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Wieneke's year-long football odyssey takes him to Montreal

South Dakota State University's Jake Wieneke (19) hauls in a touchdown grab over the top of Duquesne's Anthony Dougherty (12) during a 2017 game at Dana J. Dykhouse in Brookings. (Matt Gade / Republic)

BROOKINGS—Next week, hundreds of football prospects will begin an odyssey that may take them to the National Football League, but could also lead to an unpredictable whirlwind.

Former South Dakota State University All-American wide receiver Jake Wieneke knows all about that.

Wieneke went from playing out a childhood fantasy with the Minnesota Vikings in training camp last August, to the unemployment line and now the next stop on his journey is Montreal, Quebec, where he is set to report to training camp on May 13 with the Alouettes of the Canadian Football League.

"It's definitely been a crazy ride—signing with three different teams—but it's been a lot of fun," Wieneke said. "I had a lot of fun with the Vikings, met a lot of great people and definitely enjoyed every day I was there. ... I signed with the Alouettes and I'm getting ready to go. I'm also getting married soon, so it's an exciting time."

Growing up in Maple Grove, Minnesota, playing for the Vikings was always a dream for Wieneke. After re-writing the SDSU record book with 288 career grabs, 5,157 yards and 59 touchdowns, he finally got the chance as an undrafted free agent.

Wieneke went on to record seven receptions for 58 yards and a touchdown in four preseason games in Minnesota, but he was waived during the final round of cuts on Aug. 31. From there, he signed with the Salt Lake Stallions of the now-defunct Alliance of American Football League, but was once again let go before the season began.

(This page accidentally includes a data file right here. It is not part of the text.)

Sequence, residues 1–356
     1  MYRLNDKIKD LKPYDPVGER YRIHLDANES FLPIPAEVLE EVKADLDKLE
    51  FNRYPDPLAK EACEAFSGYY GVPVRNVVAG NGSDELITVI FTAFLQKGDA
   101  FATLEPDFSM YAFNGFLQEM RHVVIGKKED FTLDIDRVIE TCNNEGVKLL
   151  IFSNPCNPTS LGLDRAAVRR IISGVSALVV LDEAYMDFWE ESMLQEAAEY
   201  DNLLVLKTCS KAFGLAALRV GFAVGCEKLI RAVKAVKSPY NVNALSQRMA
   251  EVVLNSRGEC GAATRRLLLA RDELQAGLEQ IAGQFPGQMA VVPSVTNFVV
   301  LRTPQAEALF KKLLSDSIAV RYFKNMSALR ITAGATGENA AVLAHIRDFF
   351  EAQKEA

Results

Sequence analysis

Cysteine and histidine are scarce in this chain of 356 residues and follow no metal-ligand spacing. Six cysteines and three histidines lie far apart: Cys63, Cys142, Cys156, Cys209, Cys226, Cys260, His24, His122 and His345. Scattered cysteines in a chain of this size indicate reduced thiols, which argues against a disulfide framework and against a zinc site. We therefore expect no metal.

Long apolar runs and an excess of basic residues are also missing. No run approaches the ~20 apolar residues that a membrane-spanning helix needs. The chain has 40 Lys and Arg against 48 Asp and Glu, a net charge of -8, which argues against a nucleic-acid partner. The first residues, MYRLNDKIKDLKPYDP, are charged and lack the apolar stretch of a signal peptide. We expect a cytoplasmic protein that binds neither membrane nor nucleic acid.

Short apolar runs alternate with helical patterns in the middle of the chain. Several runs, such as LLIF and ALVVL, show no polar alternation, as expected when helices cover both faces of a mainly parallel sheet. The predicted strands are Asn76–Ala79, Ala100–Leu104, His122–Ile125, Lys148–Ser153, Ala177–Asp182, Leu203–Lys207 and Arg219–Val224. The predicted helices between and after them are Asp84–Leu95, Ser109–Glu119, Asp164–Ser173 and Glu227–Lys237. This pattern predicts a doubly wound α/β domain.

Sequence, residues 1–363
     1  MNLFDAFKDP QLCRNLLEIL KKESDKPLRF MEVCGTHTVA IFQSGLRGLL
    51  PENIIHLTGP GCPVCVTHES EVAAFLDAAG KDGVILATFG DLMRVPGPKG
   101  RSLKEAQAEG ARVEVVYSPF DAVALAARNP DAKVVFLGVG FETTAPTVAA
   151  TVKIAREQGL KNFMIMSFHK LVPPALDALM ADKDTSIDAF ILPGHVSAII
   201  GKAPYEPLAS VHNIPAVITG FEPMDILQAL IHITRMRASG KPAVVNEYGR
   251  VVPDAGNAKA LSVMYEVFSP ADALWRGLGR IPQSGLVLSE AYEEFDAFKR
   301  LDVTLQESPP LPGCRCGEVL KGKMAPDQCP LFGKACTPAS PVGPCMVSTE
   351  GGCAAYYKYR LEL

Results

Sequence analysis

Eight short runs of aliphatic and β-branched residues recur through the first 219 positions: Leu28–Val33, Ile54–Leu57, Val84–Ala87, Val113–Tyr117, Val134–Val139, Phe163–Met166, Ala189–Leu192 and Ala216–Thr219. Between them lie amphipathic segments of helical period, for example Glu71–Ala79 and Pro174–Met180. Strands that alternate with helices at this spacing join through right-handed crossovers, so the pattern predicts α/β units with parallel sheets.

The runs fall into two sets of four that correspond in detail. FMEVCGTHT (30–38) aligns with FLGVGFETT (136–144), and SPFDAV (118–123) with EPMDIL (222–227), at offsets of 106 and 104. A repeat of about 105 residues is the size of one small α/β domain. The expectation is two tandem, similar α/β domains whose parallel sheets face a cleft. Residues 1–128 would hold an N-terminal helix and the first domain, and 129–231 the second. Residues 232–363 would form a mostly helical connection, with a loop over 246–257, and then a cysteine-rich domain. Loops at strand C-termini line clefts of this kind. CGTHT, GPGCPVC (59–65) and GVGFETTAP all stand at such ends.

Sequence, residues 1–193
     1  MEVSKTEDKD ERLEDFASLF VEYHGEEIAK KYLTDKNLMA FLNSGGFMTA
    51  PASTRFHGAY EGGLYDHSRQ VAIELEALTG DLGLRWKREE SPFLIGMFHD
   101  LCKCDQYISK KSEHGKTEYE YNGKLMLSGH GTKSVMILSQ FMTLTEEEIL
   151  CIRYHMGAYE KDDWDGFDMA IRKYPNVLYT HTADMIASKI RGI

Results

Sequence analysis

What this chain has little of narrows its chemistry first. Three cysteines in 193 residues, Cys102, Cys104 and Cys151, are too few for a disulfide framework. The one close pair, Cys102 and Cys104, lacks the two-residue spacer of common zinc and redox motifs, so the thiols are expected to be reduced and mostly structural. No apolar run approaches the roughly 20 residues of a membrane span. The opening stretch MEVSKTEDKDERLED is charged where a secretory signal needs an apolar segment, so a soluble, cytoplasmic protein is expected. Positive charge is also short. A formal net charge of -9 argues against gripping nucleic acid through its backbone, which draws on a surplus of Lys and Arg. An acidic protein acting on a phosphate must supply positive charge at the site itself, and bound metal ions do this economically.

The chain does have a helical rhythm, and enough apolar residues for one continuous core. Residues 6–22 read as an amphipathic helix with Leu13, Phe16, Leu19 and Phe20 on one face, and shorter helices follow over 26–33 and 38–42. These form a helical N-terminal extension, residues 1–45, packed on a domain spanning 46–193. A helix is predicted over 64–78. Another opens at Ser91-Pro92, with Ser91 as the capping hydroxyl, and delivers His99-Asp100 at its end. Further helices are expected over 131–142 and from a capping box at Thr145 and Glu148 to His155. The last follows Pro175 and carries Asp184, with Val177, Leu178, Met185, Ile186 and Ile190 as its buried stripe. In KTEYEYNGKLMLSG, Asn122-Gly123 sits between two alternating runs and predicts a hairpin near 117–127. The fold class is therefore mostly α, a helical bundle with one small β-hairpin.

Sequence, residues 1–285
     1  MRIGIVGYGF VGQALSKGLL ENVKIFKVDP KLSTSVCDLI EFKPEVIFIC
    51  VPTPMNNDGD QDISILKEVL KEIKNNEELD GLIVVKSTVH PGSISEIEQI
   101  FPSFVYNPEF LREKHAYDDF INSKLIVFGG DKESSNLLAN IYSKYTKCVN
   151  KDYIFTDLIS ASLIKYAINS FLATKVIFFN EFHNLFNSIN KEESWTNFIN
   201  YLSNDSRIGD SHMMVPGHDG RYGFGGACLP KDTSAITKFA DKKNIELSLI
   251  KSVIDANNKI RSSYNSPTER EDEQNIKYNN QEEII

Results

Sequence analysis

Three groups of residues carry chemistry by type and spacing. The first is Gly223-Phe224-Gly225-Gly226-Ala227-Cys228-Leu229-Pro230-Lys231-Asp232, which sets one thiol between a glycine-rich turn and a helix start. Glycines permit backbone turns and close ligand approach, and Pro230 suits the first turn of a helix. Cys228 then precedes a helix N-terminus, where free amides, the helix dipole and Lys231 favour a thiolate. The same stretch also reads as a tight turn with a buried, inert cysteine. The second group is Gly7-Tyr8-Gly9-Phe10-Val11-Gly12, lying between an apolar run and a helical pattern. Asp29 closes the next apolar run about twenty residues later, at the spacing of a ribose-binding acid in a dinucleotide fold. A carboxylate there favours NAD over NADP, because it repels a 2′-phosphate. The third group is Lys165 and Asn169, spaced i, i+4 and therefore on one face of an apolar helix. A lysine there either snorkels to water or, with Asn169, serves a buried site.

"I would have loved to have been on (the Vikings)," Wieneke said. "When I got cut, I just took it in a little bit and reflected and try to embrace that time. My family was there to cry with me and it was time to move on and see what's next."

Wieneke thought he might get another attempt at catching on with an NFL team this spring, but instead, his agent informed him that Montreal was interested in signing him after a 5-13 season that included another chapter in the Johnny Manziel saga.

He has never been to the city and a league-wide roster limit of 20 internationals per team hampers chances for American players in the CFL, but he's excited for the opportunity.

"I was focused on the AAF and trying to get back in the NFL, but I talked to my agent and it was the best option," Wieneke said. "Now I can't wait. It's going to be awesome."

Since his signing, Wieneke has been working out with former University of South Dakota quarterback Chris Streveler, who serves as a backup for the Winnipeg Blue Bombers.

One of the focal points of his training has been adjusting to Canadian football rules, which include a bigger field that is 110 yards long and 65 yards wide, 12 players on each side, motion at the snap and the defense lining up one yard from the typical line of scrimmage.

"I'm getting used to the rules, running some routes with (Streveler) and watching some film," Wieneke said.